Johnson & Johnson is attempting to prevent a federal judge from presiding over the next bellwether trial of a DePuy Pinnacle hip lawsuit. In a petition recently filed with the 5th Circuit Court of Appeals, the company asserted that U.S. District Judge Ed Kinkeade only has authority to oversee Pinnacle hip trials that involve Texas residents.
The U.S. District Court, Northern District of Texas, is home to a multidistrict litigation involving more than 9,000 hip implant lawsuits, all of which cite a version of DePuy Orthopaedics’ Pinnacle Hip Replacement System that utilizes the Ultamet liner. Plaintiffs with claims pending in the proceeding allege that the metal-on-metal design created by this configuration causes the implant to shed toxic metal ions that accumulate in in the tissue surrounding the hip, as well as the blood stream. This has the potential to cause metallosis, pseudotumors and other complications that necessitate the need for revision surgery to remove and replace the hip implant.
According to the Southeast Texas Record, the federal litigation is scheduled to convene its fourth trial on September 5th. As a bellwether trial, the verdict in this case is expected to provide some insight into how juries might decide similar Pinnacle hip replacement lawsuits.
This upcoming trial will involve nine plaintiffs from New York. This is the third time Johnson & Johnson and has tried to prevent Judge Kinkeade from presiding over a Pinnacle trial.
Thus far, the companies have prevailed in just one of the three Pinnacle trials overseen by Judge Kinkeade. That win came in the litigation’s first bellwether trial, which concluded in October 2014.
A second bellwether case wrapped up in March 2016, when five plaintiffs were awarded a total of $500 million. However, the judge overseeing the case ultimately reduced that award to $151 million, in order to comply with Texas law governing punitive damages.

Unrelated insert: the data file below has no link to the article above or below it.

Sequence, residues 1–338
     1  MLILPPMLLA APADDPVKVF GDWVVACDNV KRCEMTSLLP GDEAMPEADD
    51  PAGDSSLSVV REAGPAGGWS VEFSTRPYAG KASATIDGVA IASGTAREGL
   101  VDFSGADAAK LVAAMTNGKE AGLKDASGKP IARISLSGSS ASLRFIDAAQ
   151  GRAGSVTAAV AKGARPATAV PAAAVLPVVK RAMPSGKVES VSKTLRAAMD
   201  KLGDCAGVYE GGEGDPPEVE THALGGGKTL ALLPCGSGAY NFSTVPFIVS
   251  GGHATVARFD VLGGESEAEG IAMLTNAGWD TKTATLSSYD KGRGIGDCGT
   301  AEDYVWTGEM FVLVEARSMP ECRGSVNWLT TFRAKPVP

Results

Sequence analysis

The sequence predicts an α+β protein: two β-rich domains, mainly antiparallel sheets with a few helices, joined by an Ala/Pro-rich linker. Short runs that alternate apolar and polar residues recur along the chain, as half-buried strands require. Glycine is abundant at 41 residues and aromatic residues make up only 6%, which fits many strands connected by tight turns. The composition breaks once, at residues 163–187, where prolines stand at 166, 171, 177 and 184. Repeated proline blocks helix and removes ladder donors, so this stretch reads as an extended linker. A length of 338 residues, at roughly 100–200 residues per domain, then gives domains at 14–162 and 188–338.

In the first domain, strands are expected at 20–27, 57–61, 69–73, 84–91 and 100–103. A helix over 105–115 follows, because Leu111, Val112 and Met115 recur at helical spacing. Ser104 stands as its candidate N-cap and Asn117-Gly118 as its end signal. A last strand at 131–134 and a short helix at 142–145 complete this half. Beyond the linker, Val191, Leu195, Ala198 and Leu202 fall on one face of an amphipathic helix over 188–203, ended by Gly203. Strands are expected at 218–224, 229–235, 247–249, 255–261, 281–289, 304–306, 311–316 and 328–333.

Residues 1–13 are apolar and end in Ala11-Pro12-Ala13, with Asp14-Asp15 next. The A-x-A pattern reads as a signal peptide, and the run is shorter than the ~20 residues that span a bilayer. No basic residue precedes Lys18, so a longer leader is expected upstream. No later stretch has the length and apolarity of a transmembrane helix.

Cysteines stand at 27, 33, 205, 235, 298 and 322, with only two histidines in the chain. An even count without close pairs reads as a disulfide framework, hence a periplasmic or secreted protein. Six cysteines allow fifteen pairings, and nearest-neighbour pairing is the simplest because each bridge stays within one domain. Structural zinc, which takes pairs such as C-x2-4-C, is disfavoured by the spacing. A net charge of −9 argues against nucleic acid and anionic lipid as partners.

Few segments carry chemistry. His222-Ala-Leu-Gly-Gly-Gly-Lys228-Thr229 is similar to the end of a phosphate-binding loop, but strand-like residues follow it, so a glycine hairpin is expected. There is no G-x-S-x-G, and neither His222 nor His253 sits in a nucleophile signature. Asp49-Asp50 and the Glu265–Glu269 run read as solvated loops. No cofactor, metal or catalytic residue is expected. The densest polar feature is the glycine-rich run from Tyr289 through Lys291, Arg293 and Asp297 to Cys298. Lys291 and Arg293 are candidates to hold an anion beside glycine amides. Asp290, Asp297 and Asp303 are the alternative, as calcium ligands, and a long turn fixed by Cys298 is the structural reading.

The litigation’s third trial ended in December 2016, when six Pinnacle recipients were awarded more than $1 billion. That judgment was later reduced to $543 million.
In January 2013, the U.S. Food & Drug Administration (FDA) warned that metal-on-metal hips were associated with higher rates of early failure compared to hips with alternative configurations. The agency also warned that the metal ions shed from all-metal hips will enter the bloodstream and eventually cause symptoms or illnesses elsewhere in the body.
In August 2010, Johnson & Johnson and DePuy Orthopaedics recalled metal-on-metal ASR hip replacements after those devices were linked to an unacceptable rate of premature failure. Plaintiffs who have filed Pinnacle hip lawsuits claim that the all-metal version suffers from many of the same problems that plagued ASR hips, and question why the defendants never enacted a similar Pinnacle hip recall.
In 2013, Johnson & Johnson announced a $2.5 billion DePuy hip replacement settlement to resolve thousands of product liability claims stemming from the ASR hip recall.
In May 2011, DePuy Orthopaedics announced that it would phase out metal-on-metal hip implants, including the device named in Pinnacle hip lawsuits. According to The New York Times, the company cited slowing sales, as well as the FDA’s move to subject such implants to greater regulatory oversight, as factors in its decision.